Q&A with Chef Elliott Prag
Chef Elliott Prag graduated from the NGI's Chef's Training Program in 1995 and has utilized his passion for cooking and "food as healing" in the restaurant business, as a private chef and caterer and as an instructor at ICE. Read on to learn about Chef Elliott's experience at NGI as a student and how he hopes to shape the future of the school as a faculty member.
Tell us a bit about your background.
I’m originally from Detroit, and I love my hometown. My childhood in a Jewish suburb was unremarkable, except that my mother had built a beautiful horse farm in northern Michigan. I spent a considerable part of my childhood riding and training horses. I’m a graduate of Wayne State University in Detroit. Throughout college and after, I didn’t really know who or what I wanted to be. I had flirtations with grad school for English and law school, neither of which I finished; I even worked in management consulting as a writer (YUCK). My life didn’t get interesting until I discovered food and its power to heal.
When did you become interested in cooking and what drew you to attend Natural Gourmet Institute to pursue your culinary degree?
In the late ’80s my mom invited me to dinner at a health food restaurant in suburban Detroit, where she gifted me a couple of books about macrobiotics. The books were Recalled by Life and The Macrobiotic Way. I had never been to a health food restaurant, and the food was new and strange to me, though not unpleasant. I did wonder how my mother happened upon this new scene, but that mystery was solved when she later introduced me to a good looking younger “macro” guy named Ron. Ron wasn’t in the picture long, but I found the books fascinating. They introduced me to an idea I had never even thought about: that food had the power to heal and impact our energy field. It wasn’t long after that I started re-evaluating my life as a whole (management consulting: YUCK), which to that point seemed a bit unanchored. My Uncle Tommy asked me one day, “What would you do if you could do anything?” I told him I would go to this school in New York I’d read about – Natural Gourmet Institute. I remember he said, “Then get to work, no excuses. The next time I talk to you I want to know what you’ve done to make this happen.” And so I did. I attended and graduated NGI in 1995.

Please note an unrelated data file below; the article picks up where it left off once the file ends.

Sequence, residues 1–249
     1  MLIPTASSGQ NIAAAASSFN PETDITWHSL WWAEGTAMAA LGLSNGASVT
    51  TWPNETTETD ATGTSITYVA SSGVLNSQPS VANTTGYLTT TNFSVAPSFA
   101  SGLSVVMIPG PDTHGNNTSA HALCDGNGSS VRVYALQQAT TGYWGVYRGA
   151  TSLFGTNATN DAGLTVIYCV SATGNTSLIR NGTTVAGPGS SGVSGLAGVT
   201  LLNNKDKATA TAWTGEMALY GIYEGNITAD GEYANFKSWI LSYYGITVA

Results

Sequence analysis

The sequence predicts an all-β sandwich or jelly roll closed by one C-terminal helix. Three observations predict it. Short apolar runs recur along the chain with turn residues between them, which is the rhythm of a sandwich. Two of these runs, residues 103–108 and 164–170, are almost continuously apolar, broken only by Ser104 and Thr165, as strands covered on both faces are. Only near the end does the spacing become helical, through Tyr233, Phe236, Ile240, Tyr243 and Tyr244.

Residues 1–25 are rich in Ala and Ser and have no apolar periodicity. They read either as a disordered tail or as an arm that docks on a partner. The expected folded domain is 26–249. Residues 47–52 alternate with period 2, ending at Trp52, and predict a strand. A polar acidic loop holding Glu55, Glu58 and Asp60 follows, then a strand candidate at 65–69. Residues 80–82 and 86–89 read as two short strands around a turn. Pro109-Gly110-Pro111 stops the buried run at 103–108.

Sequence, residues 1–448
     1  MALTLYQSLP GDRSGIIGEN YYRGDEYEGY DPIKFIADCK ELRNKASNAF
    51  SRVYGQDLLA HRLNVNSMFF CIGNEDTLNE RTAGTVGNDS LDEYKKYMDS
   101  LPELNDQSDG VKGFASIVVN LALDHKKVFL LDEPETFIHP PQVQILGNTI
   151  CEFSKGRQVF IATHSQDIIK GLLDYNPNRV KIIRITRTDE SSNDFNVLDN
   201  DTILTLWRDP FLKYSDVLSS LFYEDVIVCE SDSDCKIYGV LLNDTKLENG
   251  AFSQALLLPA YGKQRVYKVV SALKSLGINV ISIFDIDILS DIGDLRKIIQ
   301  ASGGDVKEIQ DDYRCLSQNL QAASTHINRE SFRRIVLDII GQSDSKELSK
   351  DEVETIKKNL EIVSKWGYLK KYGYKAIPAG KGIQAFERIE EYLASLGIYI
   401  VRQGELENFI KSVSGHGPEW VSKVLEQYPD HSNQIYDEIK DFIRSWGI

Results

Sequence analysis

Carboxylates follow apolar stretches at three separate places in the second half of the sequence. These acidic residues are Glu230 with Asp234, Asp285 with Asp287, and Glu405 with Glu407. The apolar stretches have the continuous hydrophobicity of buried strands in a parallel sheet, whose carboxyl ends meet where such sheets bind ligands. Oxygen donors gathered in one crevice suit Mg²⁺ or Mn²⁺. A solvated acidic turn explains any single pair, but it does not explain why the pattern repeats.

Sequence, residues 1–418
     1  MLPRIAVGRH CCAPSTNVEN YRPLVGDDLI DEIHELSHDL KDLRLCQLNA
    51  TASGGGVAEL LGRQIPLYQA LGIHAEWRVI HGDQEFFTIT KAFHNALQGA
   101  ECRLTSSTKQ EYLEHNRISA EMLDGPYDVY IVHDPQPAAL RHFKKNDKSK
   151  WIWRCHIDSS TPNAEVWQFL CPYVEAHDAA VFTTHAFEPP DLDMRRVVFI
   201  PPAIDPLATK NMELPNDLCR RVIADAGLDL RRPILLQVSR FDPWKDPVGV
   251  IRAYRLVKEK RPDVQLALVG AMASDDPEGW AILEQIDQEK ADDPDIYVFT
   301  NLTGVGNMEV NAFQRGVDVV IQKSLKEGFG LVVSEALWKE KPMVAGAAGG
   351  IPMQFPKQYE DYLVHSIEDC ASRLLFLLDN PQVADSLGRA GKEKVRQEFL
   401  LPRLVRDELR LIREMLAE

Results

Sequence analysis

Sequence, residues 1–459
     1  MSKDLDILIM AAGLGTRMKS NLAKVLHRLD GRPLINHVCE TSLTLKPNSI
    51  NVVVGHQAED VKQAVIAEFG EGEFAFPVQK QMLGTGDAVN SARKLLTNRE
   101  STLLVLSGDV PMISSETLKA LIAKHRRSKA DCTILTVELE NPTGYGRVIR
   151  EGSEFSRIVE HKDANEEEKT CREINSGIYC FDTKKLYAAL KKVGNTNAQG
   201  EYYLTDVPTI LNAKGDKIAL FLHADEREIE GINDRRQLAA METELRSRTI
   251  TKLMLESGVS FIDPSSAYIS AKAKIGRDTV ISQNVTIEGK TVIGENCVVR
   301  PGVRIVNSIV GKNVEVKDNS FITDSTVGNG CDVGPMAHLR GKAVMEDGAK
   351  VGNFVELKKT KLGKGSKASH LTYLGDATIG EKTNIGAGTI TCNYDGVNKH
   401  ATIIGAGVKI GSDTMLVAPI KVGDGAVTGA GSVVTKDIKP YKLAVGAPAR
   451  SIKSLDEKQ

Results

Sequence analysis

What was it like to attend NGI then?
NGI was a lot smaller, with only the two kitchens on the first floor. Although the technical basics were the same, the rest of the curriculum was more free-form. Many of the instructors lectured based on their backgrounds in the healing arts including macrobiotics, herbology, acupuncture, and Ayurveda. It was also a less disciplined time in terms of kitchen culture: everyone had to wear chef whites, but there was a lot of free expression around chef pants and even more around hats. And of course, the food was different; it was definitely more in the spirit of uncomplicated whole foods. Remember, there was no internet then. Today, the food at NGI today is much more market and trend driven, in addition to being healthy. What hasn’t changed is the warm, family-like atmosphere that a small school fosters.
Tell us about your experiences in the food industry post-culinary school.
Well, I wasn’t young when I went here, so by the time I graduated, I was 35. For about a year I worked in restaurants to build my skills, but I felt in the long run that only someone passionate about the pressures and crazy challenges of the kitchen would want to earn so little money. I transitioned to working as a personal and private chef, which was FAR more remunerative and normal with respect to working hours. I did that for several years successfully, and even started a catering company during that time. While I enjoyed that, I was invited to teach a public class here (knife skills) which opened the door to me teaching at my alma mater, NGI. I’ve taught here since 1999, with a two-year break where I opened a farm-to-table, health food restaurant in Sofia, Bulgaria. That was a remarkable adventure that I’m still nostalgic about.
You’ve done a lot of traveling over the years. How it has that shaped the way you approach cooking?
Like all the instructors here, I am inspired by the culinary culture I’ve experienced in my travels. Also, the diversity of New York brings that richness to your doorstep. The work we do at NGI translates well internationally because every culture has traditional whole foods in their history.
As a graduate of the Chef’s Training Program, what is it like to be part of the faculty today?
It’s so gratifying and rewarding to still be part of this work. I remember it being a fantasy of mine to one day work at NGI when I attended here. I never imagined it would happen to me, really, but where else do I belong? C’mon. I adore this nutty, feisty little school where everyone feels like family to me.
What goals do you have as a full-time chef instructor?
I just want the program to grow, adapt to the needs of the market and our students, get better and better, and remain true to our roots and values. I know nothing’s perfect, but I and my colleagues have worked and continue to work tirelessly to improve it. And though it sounds cliché, I want to keep learning from our students. They’re the smartest, best informed of any culinary school.
This post was originally published by the Natural Gourmet Institute. Learn more about today's Natural Gourmet Center.